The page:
“I think about my disabled body, how as a teenager I escaped the endless pressure to have a boyfriend, to shave my legs, to wear make-up. The same lies that cast me as genderless, asexual, and undesirable also framed a space in which I was left alone to be my quiet, bookish, tomboy self, neither girl nor boy” (Clare 151).
Clare discusses how systems of power shape experiences by exerting control over bodies. He uses words relating to being trapped (“escaped,” “endless,” “pressure,” and “space”) and definition/characterization (“cast,” “framed,” and “lies”) to denote how systems of power inscribe false meanings onto the body. These “lies” written on the body force him to explore his identity under the surface, isolated from others. While being “left alone” seems like an escape from the rigidity of expectations, it is actually an example of a more subtle form of violence that manifests within structures of power. Clare identifies how interlocking systems of ableism, patriarchy, and compulsory (hetero)sexuality* pressure those who are able-bodied to conform to (hetero)sexual, binary gender experiences. But these systems ostracize Clare for his disability and gender fluidity by categorizing him as genderless and asexual. While Clare notes that this does provide him space to experience identity in ways often restricted by these systems of power, he still recognizes that it is an act of violence through exclusion and isolation; certain bodies are not held to the same standards because they are seen as “undesirable,” expendable, or perhaps unproductive.
Through this space of “undesirability,” Clare provides an example of chrononormativity, “the use of time to organize individual human bodies toward maximum productivity,” but he introduces the question of which bodies and in what ways (Freeman 3). Systems of power like those that Clare analyzes—ableism, patriarchy, and compulsory (hetero)sexuality, but also white supremacy and capitalism—shape our understanding of life as “event-centered, goal-oriented, intentional, and culminating in epiphanies or major transformations,” and often focus on productivity, not just of products but also of means to produce those products (Freeman 5). Not only does this relate to Clare’s metaphor of the mountain, but it also reverberates in what he notes about the experiences teenagers are expected to have. In a sense, the “endless pressure” forces people to follow a narrative path in life (having (hetero)sexual experiences during their teenage years and accepting traditional gender stereotypes like wearing makeup or shaving their legs) that will ultimately lead to the reproduction of these systems. So, while systems of power create a construct of linear time, they perform a cycle to maintain that power.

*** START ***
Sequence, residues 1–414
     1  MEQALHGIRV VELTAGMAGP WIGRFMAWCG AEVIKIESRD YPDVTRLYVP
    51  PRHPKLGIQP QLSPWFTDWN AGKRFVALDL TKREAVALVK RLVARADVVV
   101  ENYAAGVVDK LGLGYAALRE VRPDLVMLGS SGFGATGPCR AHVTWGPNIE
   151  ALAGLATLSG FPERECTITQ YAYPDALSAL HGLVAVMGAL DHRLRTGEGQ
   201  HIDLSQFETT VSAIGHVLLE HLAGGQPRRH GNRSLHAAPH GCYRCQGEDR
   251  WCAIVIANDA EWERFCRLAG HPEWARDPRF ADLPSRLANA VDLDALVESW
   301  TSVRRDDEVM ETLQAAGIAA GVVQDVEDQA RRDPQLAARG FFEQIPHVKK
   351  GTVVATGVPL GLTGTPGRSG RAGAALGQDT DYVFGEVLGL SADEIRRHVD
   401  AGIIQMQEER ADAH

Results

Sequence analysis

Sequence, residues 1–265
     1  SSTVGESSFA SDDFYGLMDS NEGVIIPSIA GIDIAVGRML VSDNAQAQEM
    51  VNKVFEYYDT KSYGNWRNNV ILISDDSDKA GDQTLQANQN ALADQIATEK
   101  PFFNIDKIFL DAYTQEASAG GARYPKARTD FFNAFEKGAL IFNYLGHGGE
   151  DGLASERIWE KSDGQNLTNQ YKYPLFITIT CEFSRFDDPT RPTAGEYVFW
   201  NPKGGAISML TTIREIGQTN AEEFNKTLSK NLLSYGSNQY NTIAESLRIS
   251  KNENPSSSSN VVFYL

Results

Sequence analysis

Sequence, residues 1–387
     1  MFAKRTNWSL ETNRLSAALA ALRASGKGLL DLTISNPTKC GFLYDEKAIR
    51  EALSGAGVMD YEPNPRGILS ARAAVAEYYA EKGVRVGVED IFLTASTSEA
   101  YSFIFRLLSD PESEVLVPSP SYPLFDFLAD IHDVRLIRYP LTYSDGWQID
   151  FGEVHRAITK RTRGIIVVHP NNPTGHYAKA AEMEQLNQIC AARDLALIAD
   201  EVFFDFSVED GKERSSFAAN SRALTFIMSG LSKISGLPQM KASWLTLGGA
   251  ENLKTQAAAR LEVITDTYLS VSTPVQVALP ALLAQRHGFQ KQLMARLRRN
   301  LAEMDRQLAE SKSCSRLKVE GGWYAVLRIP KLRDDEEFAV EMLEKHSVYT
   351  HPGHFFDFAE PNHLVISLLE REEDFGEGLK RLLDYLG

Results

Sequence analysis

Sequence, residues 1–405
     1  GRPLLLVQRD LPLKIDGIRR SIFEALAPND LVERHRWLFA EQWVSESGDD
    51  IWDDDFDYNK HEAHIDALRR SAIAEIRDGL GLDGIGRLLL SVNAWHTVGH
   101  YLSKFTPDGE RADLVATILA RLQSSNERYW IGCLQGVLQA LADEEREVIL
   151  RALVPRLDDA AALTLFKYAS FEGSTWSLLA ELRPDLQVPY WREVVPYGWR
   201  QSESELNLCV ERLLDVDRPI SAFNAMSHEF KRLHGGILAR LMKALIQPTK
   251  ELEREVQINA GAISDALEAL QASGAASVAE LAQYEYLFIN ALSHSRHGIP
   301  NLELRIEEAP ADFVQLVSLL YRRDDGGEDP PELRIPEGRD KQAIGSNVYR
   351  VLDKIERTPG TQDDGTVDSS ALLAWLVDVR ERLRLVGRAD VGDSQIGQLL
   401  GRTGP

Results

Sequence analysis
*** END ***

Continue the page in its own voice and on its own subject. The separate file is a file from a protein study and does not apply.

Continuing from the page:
Clare’s passage describes this cycle. First, a person’s intersectional positioning impacts how they are expected to adhere to constructions of time that dictate a particular narrative experience of life. Second, the degree to which they adhere to that construction of time allows systems of power to measure the value of their body. And third, people, but specifically children, internalize this notion of value whether they experience the “endless pressure” to conform or not. The practice of queering time and place, then, challenges that cycle from the first step by asserting that there is more than one way of life. In essence, it contests the “lies” that systems of power use to define our lives.
*I write (hetero)sexuality to include both compulsory sexuality and compulsory heterosexuality.